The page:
Perceived barriers to smoking cessation among adults with substance use disorders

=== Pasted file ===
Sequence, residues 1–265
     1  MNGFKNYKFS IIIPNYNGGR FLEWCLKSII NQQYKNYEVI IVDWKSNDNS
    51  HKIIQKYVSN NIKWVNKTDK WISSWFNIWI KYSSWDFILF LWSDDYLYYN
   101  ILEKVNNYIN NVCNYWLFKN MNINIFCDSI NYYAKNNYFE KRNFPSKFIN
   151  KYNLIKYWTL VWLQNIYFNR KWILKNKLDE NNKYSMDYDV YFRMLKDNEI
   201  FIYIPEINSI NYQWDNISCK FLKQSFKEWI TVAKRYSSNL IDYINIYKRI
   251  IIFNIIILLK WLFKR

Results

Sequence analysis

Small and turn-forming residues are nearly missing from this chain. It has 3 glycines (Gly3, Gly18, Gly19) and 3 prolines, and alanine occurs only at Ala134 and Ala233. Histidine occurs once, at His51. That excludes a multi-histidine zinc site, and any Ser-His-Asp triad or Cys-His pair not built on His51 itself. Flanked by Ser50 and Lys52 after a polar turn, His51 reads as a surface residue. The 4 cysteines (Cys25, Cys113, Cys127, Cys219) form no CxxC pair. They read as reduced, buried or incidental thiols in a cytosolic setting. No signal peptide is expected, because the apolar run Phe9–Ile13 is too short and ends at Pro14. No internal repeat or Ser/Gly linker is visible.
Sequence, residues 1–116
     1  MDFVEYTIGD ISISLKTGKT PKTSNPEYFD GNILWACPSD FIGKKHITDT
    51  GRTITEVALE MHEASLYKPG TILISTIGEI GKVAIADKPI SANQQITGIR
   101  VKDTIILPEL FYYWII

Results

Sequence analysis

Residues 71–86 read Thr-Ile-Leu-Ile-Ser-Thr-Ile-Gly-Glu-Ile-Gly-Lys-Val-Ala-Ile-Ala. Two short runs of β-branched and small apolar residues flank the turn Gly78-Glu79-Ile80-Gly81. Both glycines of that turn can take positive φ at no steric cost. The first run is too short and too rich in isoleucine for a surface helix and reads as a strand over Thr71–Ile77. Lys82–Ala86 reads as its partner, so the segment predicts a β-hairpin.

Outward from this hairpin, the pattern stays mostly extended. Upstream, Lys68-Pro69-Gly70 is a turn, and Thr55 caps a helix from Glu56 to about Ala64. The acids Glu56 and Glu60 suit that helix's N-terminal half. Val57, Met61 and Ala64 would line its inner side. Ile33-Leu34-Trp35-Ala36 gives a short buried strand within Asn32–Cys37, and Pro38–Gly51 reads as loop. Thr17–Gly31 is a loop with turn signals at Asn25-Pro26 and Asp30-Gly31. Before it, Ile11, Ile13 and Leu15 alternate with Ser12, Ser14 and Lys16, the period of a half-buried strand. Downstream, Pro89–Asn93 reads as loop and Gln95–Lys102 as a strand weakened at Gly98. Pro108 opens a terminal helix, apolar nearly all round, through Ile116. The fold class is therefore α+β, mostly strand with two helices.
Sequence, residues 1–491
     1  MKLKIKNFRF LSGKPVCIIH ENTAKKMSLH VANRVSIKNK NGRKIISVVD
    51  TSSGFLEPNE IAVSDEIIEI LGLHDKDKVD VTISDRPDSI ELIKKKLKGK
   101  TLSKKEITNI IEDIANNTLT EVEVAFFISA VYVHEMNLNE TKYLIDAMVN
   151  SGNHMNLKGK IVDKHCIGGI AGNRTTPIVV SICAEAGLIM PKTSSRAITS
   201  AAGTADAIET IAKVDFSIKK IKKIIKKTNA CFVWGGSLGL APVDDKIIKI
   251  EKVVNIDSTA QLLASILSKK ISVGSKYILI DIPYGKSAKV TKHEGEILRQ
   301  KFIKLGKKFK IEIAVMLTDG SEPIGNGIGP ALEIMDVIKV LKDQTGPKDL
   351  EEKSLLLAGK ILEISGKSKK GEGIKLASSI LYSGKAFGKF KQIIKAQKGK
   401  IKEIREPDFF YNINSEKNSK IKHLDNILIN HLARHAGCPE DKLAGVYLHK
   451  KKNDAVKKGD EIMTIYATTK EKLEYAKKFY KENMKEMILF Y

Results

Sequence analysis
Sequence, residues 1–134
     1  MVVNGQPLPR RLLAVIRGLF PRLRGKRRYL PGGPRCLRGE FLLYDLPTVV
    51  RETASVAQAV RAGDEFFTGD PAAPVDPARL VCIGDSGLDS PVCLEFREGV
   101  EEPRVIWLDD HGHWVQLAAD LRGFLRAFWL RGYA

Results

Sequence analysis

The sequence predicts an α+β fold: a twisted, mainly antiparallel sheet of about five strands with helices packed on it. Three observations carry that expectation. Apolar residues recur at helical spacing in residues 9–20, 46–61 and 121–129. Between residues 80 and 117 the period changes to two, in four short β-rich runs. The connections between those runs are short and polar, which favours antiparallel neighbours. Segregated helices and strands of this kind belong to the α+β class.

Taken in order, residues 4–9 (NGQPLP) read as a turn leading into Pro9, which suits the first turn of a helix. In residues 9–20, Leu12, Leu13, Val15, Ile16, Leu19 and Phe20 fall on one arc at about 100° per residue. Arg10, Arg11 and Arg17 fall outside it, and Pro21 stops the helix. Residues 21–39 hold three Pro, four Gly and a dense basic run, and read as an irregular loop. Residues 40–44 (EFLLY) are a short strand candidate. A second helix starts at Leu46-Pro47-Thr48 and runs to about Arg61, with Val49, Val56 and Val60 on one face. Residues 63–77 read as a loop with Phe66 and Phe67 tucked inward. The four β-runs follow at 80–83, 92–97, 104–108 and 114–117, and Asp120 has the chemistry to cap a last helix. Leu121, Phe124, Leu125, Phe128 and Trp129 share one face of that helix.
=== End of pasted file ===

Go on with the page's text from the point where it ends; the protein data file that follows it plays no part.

The majority of adults seeking substance use disorder treatment also smoke. Smoking is associated with greater substance use disorder severity, poorer treatment outcome, and increased mortality among those with substance use disorders. Yet, engaging this population in smoking cessation treatment is a significant challenge. The aim of this study was to examine perceived barriers to smoking cessation among treatment-seeking adults with alcohol or opioid use disorder. Additionally, we examined whether anxiety sensitivity - a known risk factor for barriers to smoking cessation in the general population - was associated with more barriers to smoking cessation in this sample. A sample of 208 adults was recruited for a one-time study and completed self-report measures of anxiety sensitivity and perceived barriers to smoking cessation. Results indicated that the most common barriers were anxiety (82% of the sample), tension/irritability (76%), and concerns about the ability to maintain sobriety from their primary substance of abuse (64%). Those who reported more barriers also reported lower confidence in the ability to change their smoking behavior. Higher anxiety sensitivity was associated with more perceived barriers to smoking cessation, even when controlling for cigarette dependence severity. These results suggest that there are several perceived barriers to smoking cessation among treatment-seeking adults with substance use disorders. In addition to psychoeducational interventions aimed to modify negative beliefs about smoking cessation, anxiety sensitivity may be a promising therapeutic target in this population.
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